Rhonda SALMERON, Plaintiff-Appellant, v. ENTERPRISE RECOVERY SYSTEMS, INC., et al., Defendants-Appellees.
After her employer Enterprise Recovery Systems (“ERS”) fired her, Rhonda Salmeron brought this qui tam action on behalf of the United States against ERS alleging that it committed fraud in its student loan debt collection practices. Salmeron subsequently amended her complaint three times to add USA Funds, Inc.; USA Group Guarantee Services, Inc.; USA Servicing Corp.; Sallie Mae, Inc.; Sallie Mae Servicing, L.P.; and Scott Nicholson as defendants. During the lawsuit's three-year sojourn in the district court, Salmeron's attorney, Jorge Sanchez, engaged in what the judge described as a “virtually unbroken pattern of dilatory and irresponsible conduct,” consistently missing filing deadlines and failing to appear at status conferences. Fed up with Sanchez's repeated flouting of the court's rules, the district court dismissed the suit sua sponte. Though ultimately persuaded to reinstate the action, the district court issued a “final warning” to Sanchez that future misconduct would not be tolerated. Only a short time later, however, Sanchez breached an oral agreement he had with opposing counsel and leaked a document obtained through discovery to three separate sources. Upon finding the document posted on an Internet website, the defendants moved to dismiss the suit as a sanction for the unauthorized disclosure. The district court granted the motion, finding the leak “willful” and “inexcusable.” Salmeron appeals, arguing that the punishment does not fit the offending conduct. We affirm.
In its opinion and order dismissing the suit, the district court extensively chronicled the transgressions of Salmeron's counsel, Jorge Sanchez, during the course of this litigation. The day after the deadline to respond to ERS's motion to dismiss, Sanchez, citing his workload and personal issues as the reasons for the delay, filed a motion for permission to file the response late, which the district court granted. A few months later, Sanchez missed the deadline to file a response to USA Funds's motion to dismiss. He again cited workload and family obligations and asked the court to excuse the late filing, which it did. A few months after that late filing, Sanchez failed to timely respond to USA Funds's request for production of documents and interrogatories; the responses to the interrogatories were not submitted until more than two and a half months after they were due. Sanchez also failed to appear at a scheduled status conference. Next, when responses to ERS's interrogatories and requests for production were already several weeks overdue, Sanchez reneged on a promise that he would provide the information. The court had to order Sanchez to comply.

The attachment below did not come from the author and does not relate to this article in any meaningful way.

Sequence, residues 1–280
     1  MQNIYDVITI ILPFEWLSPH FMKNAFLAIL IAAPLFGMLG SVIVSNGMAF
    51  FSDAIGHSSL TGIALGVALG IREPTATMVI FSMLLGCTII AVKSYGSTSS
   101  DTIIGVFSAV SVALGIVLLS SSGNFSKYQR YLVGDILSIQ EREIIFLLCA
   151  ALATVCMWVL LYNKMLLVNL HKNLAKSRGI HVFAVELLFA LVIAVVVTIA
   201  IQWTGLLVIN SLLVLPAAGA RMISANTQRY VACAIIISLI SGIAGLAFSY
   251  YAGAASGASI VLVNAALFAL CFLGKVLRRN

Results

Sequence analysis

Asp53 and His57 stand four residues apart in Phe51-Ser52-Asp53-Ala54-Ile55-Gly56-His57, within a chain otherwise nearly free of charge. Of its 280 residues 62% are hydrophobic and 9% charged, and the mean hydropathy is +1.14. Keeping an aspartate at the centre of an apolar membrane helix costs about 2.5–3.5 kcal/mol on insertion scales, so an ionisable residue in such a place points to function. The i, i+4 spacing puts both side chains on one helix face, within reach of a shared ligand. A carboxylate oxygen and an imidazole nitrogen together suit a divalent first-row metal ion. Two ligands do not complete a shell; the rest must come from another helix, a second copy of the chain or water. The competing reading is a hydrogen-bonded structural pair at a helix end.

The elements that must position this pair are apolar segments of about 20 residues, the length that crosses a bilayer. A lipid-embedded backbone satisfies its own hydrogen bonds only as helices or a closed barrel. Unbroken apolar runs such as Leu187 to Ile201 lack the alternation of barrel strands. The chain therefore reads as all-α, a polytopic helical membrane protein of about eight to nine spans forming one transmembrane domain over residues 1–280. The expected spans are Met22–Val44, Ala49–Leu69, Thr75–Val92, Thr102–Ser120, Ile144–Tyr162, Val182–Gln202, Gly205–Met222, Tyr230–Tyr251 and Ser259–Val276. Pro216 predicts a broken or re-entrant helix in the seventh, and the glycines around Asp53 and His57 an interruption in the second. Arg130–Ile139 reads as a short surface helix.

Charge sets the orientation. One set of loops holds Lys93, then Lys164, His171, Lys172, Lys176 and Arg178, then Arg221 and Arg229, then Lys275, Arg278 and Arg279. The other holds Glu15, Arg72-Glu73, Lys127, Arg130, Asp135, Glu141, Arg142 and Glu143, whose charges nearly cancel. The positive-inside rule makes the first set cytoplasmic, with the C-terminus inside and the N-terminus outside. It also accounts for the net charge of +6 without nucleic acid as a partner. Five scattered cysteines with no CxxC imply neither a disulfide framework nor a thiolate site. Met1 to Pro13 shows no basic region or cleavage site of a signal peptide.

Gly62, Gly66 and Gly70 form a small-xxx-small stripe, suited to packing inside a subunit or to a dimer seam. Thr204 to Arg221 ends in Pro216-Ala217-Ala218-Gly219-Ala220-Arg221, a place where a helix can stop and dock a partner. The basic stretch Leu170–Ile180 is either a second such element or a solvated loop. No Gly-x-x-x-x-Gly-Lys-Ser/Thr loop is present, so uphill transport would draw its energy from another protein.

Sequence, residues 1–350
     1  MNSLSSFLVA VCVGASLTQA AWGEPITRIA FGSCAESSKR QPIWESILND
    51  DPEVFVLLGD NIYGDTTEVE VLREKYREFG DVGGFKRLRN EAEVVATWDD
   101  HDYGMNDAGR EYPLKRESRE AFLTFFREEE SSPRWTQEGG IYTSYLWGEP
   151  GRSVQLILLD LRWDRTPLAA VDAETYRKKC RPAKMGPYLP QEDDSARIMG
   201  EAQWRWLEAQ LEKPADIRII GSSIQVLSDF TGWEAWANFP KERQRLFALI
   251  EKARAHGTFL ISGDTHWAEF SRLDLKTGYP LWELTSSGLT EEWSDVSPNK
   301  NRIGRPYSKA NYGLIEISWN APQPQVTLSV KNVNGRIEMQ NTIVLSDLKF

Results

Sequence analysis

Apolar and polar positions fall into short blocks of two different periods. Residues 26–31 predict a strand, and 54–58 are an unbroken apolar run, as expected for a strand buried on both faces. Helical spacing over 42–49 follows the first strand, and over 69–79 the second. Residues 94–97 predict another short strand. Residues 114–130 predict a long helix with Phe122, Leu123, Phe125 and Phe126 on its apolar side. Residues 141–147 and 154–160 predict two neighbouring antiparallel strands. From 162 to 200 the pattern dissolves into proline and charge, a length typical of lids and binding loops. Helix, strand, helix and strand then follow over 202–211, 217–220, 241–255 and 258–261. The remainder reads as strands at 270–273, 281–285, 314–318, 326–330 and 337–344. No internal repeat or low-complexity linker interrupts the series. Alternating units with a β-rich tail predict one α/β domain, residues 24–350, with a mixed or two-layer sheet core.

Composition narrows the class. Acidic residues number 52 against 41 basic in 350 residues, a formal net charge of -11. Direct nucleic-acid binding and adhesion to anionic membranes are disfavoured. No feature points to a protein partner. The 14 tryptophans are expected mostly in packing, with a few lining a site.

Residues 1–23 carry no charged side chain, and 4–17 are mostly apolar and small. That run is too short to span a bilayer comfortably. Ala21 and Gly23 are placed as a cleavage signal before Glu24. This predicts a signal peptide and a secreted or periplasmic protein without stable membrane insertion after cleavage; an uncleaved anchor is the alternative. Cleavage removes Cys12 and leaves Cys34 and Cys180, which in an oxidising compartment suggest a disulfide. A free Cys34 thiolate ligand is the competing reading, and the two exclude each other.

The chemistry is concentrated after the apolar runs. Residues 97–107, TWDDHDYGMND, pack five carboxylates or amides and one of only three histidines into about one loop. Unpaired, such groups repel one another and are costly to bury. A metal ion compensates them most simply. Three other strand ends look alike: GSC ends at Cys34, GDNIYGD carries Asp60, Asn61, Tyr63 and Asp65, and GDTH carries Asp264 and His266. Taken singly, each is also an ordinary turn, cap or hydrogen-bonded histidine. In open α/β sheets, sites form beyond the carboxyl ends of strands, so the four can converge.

Sanchez's dilatory conduct continued past the lawsuit's second anniversary. Nine days after Salmeron's response to ERS's motion to dismiss the second amended complaint was due, rather than belatedly attempting to respond, Sanchez instead filed a motion for leave to file a third amended complaint. The court applied ERS's motion to the third amended complaint and set a new deadline for Sanchez's response. True to form, Sanchez missed that deadline. Again citing his workload, Sanchez moved for leave to file a response a week after the deadline had passed. The court and opposing counsel had been apprised of the motion only minutes before a scheduled status hearing. Nevertheless, the court granted that motion and set a deadline for Sanchez to file Salmeron's third amended complaint, which had yet to be filed.